True Love Starring David Tennant & Vicky McClure: Episode one review – it all feels organic and Tennant really star shines!

by Matt D

When a film or TV series claims to be mainly improvised I often find myself trying to guess the moments when the actors are creating their own dialogue rather than reading from a script and this was something I found myself doing a lot while watching True Love. The BBC drama features five stories all set in and around the seaside town of Margate which, as the title would suggest, are all about true love which in some cases has already been found but in others are tested such as in episode one.

The episode stars David Tennant as Nick who is presented to us as a happily married man and as we first meet him he is celebrating the 34th birthday of his wife Ruth, played by Joanne Froggat, with an assembled group of friends in addition to the couple’s two teenage children. These children are the ones that only seem to exist in programmes like this, as they are constantly smiling, do homework straight away and set the table without being asked multiple times. The couple also have quite a lovely furnished house with nothing out of place and a very tacky pastel portrait of the kids hanging up in the living room as Ruth and Nick cuddle together on the sofa. Essentially what we are being told is that this couple are content, in fact maybe too content, and so they don’t know what to do when something happens to question their love for each other.

That something is in fact Nick’s first love Serena, played by This is England’s Vicky McClure, who turns up in Margate supposedly to visit her sister but in reality she is trying to track her first lover down. It seems that Serena is going through a turning point in her life having just ended a relationship with the father of her daughter both of whom she’s left behind in Canada. Though Nick is happily married man, as well as having a steady yet mundane job doing something in an office, he is obviously tempted by Serena if only by the memory of what they once had. However nights working late coupled with obvious lies means that Ruth becomes suspicious of her husband’s motives especially when she bumps into Serena on her first day in town. The question becomes will Nick stray with Serena or is their relationship now simply based on feelings they once had for each other? Well you’ll have to watch to find out more.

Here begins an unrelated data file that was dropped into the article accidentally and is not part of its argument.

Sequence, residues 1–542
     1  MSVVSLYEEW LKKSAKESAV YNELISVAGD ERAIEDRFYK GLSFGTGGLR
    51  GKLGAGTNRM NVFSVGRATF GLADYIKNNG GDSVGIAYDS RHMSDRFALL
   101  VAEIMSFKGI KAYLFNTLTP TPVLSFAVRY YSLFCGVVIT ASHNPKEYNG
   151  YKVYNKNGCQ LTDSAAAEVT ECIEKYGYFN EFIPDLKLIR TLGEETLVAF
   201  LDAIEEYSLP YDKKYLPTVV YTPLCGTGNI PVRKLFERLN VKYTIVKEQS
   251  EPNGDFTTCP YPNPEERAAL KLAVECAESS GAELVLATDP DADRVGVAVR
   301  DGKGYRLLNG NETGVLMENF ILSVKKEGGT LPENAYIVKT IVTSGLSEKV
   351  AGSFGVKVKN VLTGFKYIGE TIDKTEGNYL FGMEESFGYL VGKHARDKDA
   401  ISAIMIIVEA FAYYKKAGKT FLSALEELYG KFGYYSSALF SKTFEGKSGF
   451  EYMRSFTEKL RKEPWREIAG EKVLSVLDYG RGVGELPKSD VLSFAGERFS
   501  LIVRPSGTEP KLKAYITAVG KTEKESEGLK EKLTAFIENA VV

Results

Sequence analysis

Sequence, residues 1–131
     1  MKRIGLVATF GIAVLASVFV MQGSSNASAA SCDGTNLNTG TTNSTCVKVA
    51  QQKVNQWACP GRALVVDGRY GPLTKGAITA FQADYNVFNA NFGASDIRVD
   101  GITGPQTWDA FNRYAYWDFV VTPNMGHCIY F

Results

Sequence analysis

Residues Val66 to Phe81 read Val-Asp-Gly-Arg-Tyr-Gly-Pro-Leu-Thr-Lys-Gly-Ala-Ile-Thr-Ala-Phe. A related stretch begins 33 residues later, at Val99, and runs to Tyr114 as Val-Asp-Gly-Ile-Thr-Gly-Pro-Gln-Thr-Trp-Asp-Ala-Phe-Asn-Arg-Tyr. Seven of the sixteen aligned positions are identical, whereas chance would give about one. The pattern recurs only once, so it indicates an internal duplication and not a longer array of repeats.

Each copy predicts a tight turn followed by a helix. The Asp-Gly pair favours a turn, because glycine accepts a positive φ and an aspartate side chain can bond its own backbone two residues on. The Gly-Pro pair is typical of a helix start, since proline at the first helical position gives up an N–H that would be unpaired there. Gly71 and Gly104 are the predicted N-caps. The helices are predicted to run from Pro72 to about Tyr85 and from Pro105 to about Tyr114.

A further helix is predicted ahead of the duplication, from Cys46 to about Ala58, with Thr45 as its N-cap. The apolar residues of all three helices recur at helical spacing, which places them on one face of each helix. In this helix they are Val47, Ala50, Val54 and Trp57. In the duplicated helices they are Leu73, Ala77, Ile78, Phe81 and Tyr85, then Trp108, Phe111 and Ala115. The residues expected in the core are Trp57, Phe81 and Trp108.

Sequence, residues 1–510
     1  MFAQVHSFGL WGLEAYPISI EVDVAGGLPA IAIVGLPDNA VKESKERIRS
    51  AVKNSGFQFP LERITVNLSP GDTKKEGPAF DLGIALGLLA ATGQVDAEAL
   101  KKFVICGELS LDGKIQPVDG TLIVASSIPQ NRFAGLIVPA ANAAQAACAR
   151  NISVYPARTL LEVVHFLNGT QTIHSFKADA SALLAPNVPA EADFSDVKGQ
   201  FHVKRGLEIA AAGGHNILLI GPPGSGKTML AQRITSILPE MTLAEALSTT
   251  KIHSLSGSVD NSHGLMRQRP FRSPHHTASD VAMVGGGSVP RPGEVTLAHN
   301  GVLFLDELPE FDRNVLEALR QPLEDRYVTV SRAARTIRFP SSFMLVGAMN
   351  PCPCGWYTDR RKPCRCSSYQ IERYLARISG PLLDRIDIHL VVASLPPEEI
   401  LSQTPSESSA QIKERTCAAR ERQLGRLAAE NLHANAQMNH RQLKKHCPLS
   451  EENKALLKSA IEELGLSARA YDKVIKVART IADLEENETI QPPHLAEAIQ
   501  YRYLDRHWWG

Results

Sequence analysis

What I can tell you is for the most part True Love does feel organic as Tennant is able to bring his full range of emotions to the role of Nick, somebody who thought he was completely satisfied until he spotted his true love again. Both of Tennant’s leading ladies bounce off him perfectly especially McClure who I think is used to this sort of thing as the This is England series always seems to employ some sort of improvisation. Though at the start I struggled to believe them as a couple as the episode went on their chemistry increased to the point where I could believe that they spent a dirty fortnight in her nan’s caravan back when they were young. The one scene where I really felt the improvised spirit of True Love was where Serena and Ruth bumped into one another as neither actress really seemed to be in control it all seemed a bit muddled I suppose on one hand you could say that they were going for realism but for me personally it didn’t flow as well as the rest of the episode.